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Crédito: José Cruz/Agência Brasil

Hundreds of thousands people took to the streets of cities and towns across the country on August 16 (2015) for an anti-government protests against the corruption and scandals like the Petrobras case. They have taken part in important cities like Sao Paulo, Recife, Belo Horizonte, Rio and Brasilia calling for the impeachment of President Dilma Rousseff.

Marchers took over Copacabana beach in Rio and also demonstrated outside congress in the capital Brasilia. Many wore the yellow shirts of the Brazilian football team, and sang the national anthem, carrying banners saying “Dilma Out”. At Avenida Paulista in Sao Paulo, an estimated of 350,000 Brazilians took part of the protest, said the police, but The Datafolha polling firm estimated 135,000 people.

Organized protests on social media

In Rio de Janeiro, several thousand people, many brandishing green and yellow Brazilian flags, demonstrated at Copacabana Beach. The demonstration was planned to coincide with a cycling test event for next year’s Olympics in the city, but organizers changed the route and timing of the sports event to avoid a possible clash. Protests took place in some 16 states, including in the Amazonian metropolis of Belem, Recife in the northeast, and the central city of Belo Horizonte. In the capital, Brasilia, a march on a central avenue flanked by ministries and monuments appeared to have drawn several thousand participants.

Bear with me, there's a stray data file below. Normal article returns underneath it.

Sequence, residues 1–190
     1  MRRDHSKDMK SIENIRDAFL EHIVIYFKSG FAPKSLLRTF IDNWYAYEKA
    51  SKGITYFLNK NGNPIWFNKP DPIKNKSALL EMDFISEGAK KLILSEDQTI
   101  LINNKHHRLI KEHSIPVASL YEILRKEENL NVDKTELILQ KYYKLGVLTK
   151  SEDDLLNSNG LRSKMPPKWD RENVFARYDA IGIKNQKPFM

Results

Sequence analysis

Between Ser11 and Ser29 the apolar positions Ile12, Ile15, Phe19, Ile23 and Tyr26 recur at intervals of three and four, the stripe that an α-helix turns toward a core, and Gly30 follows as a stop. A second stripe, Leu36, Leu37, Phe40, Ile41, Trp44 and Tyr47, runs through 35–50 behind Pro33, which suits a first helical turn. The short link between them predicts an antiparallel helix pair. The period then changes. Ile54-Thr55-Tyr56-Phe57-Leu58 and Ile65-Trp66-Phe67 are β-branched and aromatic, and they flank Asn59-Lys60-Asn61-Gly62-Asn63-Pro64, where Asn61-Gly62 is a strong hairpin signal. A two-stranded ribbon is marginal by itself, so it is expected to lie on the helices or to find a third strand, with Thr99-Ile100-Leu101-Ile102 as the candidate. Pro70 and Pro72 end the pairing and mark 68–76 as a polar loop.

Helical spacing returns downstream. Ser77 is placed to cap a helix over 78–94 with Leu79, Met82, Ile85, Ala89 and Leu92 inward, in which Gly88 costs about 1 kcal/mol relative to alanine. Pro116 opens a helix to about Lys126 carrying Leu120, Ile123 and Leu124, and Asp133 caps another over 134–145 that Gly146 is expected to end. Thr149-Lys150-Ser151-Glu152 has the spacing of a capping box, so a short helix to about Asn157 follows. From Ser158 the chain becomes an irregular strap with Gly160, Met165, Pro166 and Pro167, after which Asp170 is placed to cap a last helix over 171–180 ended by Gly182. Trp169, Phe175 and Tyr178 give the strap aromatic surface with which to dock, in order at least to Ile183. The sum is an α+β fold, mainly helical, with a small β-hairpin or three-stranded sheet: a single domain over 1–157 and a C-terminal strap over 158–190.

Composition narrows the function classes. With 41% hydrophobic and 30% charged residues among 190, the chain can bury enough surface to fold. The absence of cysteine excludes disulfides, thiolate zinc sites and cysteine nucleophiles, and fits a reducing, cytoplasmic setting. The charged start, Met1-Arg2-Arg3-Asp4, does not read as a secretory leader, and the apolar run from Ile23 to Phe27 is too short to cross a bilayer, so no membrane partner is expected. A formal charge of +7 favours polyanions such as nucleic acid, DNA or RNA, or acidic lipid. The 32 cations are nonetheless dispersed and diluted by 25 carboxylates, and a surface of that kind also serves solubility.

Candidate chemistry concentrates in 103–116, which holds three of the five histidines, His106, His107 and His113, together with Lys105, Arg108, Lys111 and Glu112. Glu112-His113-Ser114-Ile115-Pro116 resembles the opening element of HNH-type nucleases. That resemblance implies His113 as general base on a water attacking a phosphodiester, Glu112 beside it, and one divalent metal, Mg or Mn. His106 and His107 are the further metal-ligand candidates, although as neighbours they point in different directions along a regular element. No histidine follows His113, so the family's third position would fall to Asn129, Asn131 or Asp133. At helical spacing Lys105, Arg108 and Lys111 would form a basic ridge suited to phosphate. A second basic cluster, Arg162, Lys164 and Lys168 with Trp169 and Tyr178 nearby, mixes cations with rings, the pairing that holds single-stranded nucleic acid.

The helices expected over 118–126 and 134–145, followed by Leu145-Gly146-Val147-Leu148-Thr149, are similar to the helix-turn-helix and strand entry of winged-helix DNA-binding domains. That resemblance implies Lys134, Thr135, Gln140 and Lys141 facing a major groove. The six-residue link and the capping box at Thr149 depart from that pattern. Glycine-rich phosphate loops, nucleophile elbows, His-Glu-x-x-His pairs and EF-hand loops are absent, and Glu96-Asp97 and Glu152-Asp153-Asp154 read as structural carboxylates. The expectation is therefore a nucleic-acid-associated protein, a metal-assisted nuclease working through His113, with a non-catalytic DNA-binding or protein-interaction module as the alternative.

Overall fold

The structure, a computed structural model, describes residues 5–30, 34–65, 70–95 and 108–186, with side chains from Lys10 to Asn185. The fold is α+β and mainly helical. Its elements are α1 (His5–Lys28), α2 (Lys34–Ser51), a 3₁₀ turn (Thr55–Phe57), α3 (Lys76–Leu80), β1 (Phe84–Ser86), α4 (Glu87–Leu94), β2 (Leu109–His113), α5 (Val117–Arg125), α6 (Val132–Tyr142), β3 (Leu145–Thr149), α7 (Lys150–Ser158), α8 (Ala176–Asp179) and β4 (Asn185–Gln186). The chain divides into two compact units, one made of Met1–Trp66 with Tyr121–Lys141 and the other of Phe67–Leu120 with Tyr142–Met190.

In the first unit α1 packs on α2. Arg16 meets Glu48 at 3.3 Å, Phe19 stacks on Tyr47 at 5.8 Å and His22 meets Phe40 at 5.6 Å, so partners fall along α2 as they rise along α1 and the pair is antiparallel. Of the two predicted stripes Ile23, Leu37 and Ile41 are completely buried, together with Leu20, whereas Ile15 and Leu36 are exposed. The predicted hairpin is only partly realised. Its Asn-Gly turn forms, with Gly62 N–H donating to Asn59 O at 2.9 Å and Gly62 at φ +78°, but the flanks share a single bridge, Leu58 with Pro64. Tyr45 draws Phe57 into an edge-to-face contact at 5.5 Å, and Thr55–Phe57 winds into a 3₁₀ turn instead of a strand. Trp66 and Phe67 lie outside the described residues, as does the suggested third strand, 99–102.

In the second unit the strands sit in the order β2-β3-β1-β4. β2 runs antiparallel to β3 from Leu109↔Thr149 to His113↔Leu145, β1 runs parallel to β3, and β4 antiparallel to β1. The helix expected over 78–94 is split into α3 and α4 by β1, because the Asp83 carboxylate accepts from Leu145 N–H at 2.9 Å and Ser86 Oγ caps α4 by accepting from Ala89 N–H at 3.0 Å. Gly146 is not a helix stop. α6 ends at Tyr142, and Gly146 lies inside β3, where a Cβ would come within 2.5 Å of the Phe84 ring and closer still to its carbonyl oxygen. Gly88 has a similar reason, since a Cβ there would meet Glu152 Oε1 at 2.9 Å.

Called mostly by activist groups via social media, the demonstrations assailed Rousseff, whose standing in the polls has plunged amid a snowballing corruption scandal that has embroiled politicians from her Workers’ Party as well as a sputtering economy, a weakening currency and rising inflation. But the protests drew relatively modest crowds, likely giving the president some breathing room. Huge numbers had come out for two earlier rounds of demonstrations this year.

A poll earlier this month by Brazilian firm Datafolha said only 8 percent of those surveyed considered Brazil’s government to be “great” or “good.” By contrast, 71 percent said the government is a “failure.” The Datafolha poll was based on interviews with 3,358 people on Aug. 4 and 5 and had an error margin of plus or minus 2 percentage points.

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